Johannesburg: The heart-beat of South Africa starts here. Its origins as a city were a direct result of the richest gold deposits in the world and while today gold is relatively less important in the economic life of South Africa, its legacy lives on. Johannesburg, though faced with many problems, is full of a vibrancy and raw energy, as well as a big city sophistication.
A stop here is essential for understanding the “Rainbow Nation” and the legacy that comes from its dark Apartheid past combined with its hope for the future. Essential visits include the Apartheid Museum and the Hector Peterson Museum in Soweto, the Constitutional Court and Exhibit Hall, the Gold Museum, its many Art Galleries, as well as the Craft Markets. Also, do not miss a night at the cultural gem of the Market Theatre.
The Capital of the country is a gracious city, 50 miles north of Johannesburg. It is named after the Voortrekker leader Andries Pretorius. On the outskirts of the city is the granite Voortrekker Memorial to the Afrikaner forebears that trekked from the Cape to escape British Rule. In a dramatic location are the Union Buildings, designed by Sir Herbert Baker for the then new “Union of South Africa”. Northwest of the city is the remarkable Cradle of Humankind, a UNESCO World Heritage Site, dubbed the richest hominid fossil bearer in the world. In 1947 scientists discovered a practically complete female Australopithecus Africanus skull said to date back 2.8 million years, a critical discovery in the evolutionary development of humans separately from apes. Also not far from Pretoria is the Cullinan Diamond mine, the source of many of the most significant diamonds in the British Crown Jewels. The Magaliesberg Mountains, also to the north west of the city, are an attractive tourist destination.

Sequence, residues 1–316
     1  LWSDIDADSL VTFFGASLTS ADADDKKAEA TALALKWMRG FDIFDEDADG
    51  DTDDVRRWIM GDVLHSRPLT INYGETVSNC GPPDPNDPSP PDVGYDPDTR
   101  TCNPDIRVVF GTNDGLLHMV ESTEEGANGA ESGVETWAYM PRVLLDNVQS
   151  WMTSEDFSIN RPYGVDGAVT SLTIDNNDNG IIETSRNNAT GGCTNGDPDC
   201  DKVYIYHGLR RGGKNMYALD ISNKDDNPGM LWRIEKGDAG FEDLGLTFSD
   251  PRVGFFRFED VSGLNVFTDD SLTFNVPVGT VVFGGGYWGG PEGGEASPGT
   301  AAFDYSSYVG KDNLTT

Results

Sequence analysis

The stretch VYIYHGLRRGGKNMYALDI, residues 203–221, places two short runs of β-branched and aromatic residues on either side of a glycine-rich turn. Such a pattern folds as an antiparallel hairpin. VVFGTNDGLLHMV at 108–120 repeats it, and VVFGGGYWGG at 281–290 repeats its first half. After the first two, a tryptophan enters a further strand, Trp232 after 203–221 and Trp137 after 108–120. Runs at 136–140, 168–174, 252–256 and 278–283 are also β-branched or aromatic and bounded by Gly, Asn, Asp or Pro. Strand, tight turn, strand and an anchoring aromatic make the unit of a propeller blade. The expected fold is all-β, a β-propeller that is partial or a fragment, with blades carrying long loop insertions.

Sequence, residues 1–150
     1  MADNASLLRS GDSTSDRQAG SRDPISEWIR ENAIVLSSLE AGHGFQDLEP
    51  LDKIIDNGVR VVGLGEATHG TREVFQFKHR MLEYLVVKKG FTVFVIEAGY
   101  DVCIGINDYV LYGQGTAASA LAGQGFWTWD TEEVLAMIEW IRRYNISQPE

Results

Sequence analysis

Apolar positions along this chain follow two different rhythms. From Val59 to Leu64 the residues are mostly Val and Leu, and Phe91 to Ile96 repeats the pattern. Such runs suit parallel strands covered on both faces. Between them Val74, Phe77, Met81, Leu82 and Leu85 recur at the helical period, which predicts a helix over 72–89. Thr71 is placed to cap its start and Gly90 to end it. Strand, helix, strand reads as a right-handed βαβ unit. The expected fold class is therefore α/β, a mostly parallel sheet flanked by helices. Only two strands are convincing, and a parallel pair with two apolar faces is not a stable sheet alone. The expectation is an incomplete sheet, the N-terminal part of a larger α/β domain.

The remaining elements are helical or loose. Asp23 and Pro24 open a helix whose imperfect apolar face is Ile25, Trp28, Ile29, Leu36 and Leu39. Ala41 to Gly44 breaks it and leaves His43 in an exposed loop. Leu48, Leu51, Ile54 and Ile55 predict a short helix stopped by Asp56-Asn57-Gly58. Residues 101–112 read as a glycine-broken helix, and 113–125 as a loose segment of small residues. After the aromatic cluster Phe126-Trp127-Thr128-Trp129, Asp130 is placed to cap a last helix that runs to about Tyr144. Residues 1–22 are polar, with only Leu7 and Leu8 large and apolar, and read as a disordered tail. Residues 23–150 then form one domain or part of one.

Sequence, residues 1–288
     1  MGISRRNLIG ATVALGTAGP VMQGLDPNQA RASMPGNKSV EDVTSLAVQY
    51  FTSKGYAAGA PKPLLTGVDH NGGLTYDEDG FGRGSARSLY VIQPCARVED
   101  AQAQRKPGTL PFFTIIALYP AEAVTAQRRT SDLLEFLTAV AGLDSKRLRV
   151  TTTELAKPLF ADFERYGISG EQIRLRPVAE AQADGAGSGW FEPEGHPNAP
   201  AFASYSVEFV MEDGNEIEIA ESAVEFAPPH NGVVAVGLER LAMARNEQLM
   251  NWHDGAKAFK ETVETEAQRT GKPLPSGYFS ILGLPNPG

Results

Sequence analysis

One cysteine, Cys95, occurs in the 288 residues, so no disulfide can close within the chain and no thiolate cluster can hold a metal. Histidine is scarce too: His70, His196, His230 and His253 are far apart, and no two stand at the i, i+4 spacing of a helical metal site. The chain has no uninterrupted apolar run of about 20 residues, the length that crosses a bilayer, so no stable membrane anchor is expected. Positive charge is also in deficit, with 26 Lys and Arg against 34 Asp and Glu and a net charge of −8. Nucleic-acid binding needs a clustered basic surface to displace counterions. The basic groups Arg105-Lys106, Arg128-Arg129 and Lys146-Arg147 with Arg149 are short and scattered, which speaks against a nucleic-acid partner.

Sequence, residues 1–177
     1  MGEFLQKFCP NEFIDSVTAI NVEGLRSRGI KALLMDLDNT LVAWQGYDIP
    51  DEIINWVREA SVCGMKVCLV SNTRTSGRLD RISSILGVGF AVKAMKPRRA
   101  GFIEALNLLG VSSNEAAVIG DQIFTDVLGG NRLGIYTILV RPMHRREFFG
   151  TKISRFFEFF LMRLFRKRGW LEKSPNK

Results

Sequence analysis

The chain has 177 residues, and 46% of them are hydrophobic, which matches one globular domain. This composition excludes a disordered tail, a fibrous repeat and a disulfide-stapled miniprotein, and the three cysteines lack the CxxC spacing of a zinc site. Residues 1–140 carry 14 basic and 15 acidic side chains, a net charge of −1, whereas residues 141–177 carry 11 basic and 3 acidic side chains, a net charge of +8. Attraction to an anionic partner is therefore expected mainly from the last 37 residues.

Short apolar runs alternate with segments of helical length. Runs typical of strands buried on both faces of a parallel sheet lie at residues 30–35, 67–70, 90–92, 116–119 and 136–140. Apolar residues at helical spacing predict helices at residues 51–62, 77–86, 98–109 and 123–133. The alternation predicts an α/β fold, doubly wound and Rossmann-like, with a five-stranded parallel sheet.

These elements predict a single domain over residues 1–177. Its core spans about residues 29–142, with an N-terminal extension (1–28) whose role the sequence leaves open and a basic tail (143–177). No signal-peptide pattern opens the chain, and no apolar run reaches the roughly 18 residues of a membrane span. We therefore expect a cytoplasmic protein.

Pretoria is often called the “Jacaranda City” due to the thousands of Jacaranda trees planted in its streets, parks and gardens, which lend a remarkable colour to the city in Springtime.